Andy Chow

Statehouse Reporter

Andy Chow is a general assignment state government reporter who focuses on environmental, energy, agriculture, and education-related issues. He started his journalism career as an associate producer with ABC 6/FOX 28 in Columbus before becoming a producer with WBNS 10TV.

 

Andy gained his in-depth knowledge of Statehouse issues while working for Hannah News Service, an online-based news and research publication. He also participated in the Legislative Service Commission's Fellowship program as a production assistant for "The Ohio Channel."

 

Andy earned his Bachelor of Arts degree in broadcasting at Otterbein University and took part in the Washington Semester program through American University in Washington, D.C.

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photo of Senate Finance Committee
ANDY CHOW / STATEHOUSE NEWS BUREAU

A bill to overhaul the payday lending industry in Ohio is heading back to the House after the Senate approved the legislation with some changes. Consumer advocates are touting this as sensible reform while lenders argue this will put them out of business.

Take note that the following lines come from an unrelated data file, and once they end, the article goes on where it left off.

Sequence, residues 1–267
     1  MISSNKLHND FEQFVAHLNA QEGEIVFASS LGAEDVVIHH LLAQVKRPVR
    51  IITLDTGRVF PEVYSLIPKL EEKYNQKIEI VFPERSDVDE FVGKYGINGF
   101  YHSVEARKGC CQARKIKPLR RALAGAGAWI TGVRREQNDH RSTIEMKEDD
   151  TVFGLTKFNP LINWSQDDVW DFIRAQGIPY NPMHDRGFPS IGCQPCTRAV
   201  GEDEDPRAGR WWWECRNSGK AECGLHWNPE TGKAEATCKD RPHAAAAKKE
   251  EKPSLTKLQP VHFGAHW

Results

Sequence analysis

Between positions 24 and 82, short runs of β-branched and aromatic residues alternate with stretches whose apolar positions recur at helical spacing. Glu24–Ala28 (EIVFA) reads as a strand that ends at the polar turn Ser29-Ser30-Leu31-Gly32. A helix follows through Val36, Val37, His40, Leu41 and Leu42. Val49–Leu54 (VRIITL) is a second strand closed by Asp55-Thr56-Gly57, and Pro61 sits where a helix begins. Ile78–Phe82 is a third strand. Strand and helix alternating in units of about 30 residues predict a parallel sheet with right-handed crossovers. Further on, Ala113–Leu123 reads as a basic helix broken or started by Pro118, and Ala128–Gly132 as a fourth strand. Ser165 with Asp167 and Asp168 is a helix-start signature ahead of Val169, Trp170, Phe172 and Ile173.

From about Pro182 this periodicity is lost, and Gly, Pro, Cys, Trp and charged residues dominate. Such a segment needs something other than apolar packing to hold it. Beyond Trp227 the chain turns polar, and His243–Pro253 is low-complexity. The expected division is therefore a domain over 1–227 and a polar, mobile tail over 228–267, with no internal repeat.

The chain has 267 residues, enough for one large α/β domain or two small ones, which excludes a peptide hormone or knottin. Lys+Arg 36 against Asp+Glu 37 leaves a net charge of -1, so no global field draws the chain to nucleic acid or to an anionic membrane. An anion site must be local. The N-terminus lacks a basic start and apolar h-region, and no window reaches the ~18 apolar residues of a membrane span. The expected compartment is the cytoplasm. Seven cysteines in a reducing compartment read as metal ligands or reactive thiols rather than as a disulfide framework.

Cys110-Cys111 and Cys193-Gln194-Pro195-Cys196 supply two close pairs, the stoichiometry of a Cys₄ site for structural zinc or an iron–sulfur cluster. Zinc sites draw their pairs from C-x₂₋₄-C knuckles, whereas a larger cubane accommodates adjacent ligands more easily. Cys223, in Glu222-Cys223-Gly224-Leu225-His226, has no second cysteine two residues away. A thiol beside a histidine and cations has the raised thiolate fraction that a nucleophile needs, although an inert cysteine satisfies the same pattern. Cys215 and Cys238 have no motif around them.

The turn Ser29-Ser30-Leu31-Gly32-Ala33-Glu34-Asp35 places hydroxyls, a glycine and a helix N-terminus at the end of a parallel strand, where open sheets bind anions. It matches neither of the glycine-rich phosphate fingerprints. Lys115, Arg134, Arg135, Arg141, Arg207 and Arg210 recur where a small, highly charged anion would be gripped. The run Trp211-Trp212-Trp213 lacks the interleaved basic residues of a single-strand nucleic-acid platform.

photo of Senate Finance Committee
ANDY CHOW / STATEHOUSE NEWS BUREAU

The Ohio Senate is introducing changes to a payday lending crackdown that passed the House by a big margin. Supporters of the legislation say it will help shutdown predatory lending and a cycle of debt.

The Senate's changes raise the maximum payday loan amount to $1,000. The bill also caps the principal and fees on those loans at 7% of the borrower’s monthly income, and says total costs, meaning fees and interest rates, cannot be more than 60% of the original loan.

photo of Rich Cordray and Mike DeWine
DAN KONIK / STATEHOUSE NEWS BUREAU

The Republican and the Democrat running for governor are laying out their plans for how to help children succeed. Both Mike DeWine and Rich Cordray say it all begins before the kids are even born. However Cordray sees one clear difference between his take and that of his opponent.

photo of Libertarian petitioners
STATEHOUSE NEWS BUREAU

After failing to qualify candidates for the statewide ballot for the last two election cycles, Libertarians are fighting to regain their party status in Ohio. The group has filed more than 100,000 signatures to put that party designation back on the ballot.

After the Republican-controlled legislature changed ballot access laws in 2013, the Libertarian Party of Ohio lost its minor party status and could no longer have nominees appear on the ballot with their party name attached.

photo of Richard Cordray
M.L. SCHULTZE / WKSU

Richard Cordray is laying out how he plans to help children and parents if elected governor.

The Democratic gubernatorial nominee says there’s at least one distinct difference between his plan and that of his Republican opponent Mike DeWine, which he laid out last week.

Cordray wants to increase access to state intervention services, helping parents with young children.

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